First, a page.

Now I'm just rambling. There's really not much to say about this script. I give Gewirtz props for trying something new, but in the end it is completely unnecessary. That's probably it's main fault and why I'm looking into all of it's negatives instead of praising the few positives it has. IMDB lists Terry George as the screenwriter and Russell Gewirtz for characters, so maybe they totally scrapped this idea. And maybe I really am looking into the negatives to much, because somehow it managed to keep my interest. So this one ends up leaving me puzzled. So many things working against it, yet I managed to stay mildly entertained, much like I felt for Valentine's Day. So I guess I'll give it the same rating...

[] Somebody should be fired
[] Bad
[x] Mediocre
[] Worth the read
[] Great
[] Amazing

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Tuesday, September 1, 2009

The Cabin in the Woods

Genre: Horror
Premise: A twisted and unusual take on the familiar "cabin in the woods" formula. Comes out next February.
Writers: Joss Whedon and Drew Goddard

One of the many great posters for "The Cabin in the Woods"

If there's one genre that has the least respect at the moment, it's horror. Hollywood churns out dozens of horror films a year, and you'll be lucky to find one that's actually good. So I was very excited to pick up this script. I'm a fan of Whedon, and after Cloverfield, Goddard was definitely on my radar. So what did I think?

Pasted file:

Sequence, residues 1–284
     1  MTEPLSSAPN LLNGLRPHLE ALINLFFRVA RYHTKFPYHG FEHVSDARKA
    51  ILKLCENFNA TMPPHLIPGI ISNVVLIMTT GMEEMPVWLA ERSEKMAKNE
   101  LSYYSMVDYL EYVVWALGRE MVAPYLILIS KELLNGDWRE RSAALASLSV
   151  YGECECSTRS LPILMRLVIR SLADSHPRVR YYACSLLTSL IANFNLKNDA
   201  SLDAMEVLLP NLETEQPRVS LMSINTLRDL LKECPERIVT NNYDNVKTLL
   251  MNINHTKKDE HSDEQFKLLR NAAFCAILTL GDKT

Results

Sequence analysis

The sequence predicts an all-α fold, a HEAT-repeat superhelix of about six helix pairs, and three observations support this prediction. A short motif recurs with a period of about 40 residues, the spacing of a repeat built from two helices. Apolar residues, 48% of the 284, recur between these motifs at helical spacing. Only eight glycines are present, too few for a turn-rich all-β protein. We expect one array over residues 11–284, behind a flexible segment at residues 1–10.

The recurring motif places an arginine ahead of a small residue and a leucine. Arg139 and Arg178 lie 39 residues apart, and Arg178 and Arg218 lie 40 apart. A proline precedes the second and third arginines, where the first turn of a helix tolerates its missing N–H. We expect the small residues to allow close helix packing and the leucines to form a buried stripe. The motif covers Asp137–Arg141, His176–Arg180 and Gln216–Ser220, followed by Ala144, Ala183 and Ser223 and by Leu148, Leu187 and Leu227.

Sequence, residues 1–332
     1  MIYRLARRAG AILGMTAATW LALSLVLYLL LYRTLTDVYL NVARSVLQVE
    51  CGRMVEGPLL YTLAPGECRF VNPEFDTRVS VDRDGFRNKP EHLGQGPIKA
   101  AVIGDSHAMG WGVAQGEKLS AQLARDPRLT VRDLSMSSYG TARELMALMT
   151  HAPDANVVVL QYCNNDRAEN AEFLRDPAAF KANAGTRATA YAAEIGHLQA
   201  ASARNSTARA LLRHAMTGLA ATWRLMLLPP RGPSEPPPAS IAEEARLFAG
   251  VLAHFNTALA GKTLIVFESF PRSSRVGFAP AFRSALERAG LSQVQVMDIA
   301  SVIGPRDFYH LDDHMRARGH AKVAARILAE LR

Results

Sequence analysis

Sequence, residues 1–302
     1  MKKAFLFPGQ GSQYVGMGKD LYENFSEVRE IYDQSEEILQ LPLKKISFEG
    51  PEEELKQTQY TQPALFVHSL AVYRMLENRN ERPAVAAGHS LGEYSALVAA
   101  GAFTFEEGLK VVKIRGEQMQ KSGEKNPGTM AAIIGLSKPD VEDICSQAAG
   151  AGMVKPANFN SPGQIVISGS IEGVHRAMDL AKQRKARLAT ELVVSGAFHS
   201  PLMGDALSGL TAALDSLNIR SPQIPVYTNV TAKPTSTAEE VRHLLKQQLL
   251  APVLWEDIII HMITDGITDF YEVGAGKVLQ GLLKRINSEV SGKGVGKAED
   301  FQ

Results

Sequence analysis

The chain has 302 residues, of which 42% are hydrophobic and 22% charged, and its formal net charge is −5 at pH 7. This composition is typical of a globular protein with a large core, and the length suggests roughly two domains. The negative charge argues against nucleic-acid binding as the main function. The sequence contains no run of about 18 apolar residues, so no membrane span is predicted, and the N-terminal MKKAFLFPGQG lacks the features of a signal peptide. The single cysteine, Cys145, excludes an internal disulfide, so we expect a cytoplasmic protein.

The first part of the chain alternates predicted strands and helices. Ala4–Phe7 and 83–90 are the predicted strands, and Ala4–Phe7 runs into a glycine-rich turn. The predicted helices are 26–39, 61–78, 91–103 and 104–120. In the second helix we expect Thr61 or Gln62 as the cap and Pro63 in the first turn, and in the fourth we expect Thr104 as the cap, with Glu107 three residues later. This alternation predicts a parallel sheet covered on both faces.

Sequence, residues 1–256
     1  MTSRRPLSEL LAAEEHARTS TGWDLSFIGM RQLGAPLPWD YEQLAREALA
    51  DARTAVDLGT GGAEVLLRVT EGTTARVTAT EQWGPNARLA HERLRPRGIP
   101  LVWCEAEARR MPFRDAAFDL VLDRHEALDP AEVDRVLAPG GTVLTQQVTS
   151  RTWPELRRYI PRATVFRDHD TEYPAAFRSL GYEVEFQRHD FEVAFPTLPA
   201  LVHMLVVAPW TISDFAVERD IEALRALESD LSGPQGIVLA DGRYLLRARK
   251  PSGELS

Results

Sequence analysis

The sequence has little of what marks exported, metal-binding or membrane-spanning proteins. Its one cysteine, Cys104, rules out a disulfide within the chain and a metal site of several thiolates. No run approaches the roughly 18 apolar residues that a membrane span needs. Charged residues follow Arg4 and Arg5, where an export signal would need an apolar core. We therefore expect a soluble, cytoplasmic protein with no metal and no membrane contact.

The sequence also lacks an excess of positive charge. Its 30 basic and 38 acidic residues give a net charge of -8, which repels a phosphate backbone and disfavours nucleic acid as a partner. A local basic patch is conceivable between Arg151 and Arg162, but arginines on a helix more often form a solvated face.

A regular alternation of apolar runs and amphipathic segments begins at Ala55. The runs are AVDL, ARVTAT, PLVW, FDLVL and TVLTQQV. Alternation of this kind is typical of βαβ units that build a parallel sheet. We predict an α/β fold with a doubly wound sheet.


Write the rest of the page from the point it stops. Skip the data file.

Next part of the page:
The Cabin in the Woods starts off with five friends. Whedon and Goddard are going for a horror parody here. So it's pretty cliche', but it works and there's a purpose for it that I won't spoil. Anyway, there's Curt the "jock"; Jules, his girlfriend, the "whore"; Holden, the "scholar"; Marty, the "fool"; and Dana, the "virgin". They're all headed toward's Curt's cousins lakehouse. Which is, you guessed it, a cabin in the woods. Along the way they stop for gas, que creepy and disgusting clerk who warns them about the cabin, but of course they ignore him.

While this is happening we meet a bunch of people in some sort of lab. We don't know what they're up to, but it involves our main characters. Once our heroes reach the cabin, we find out that these people are a part of some mysterious corporation who purposefully brought this group of people to the cabin to die. This is where things get complicated. This corporation, whatever they are, have been planning this for a while. There is also some type of magical force that looms around the cabin that the corporation uses to do it's killing.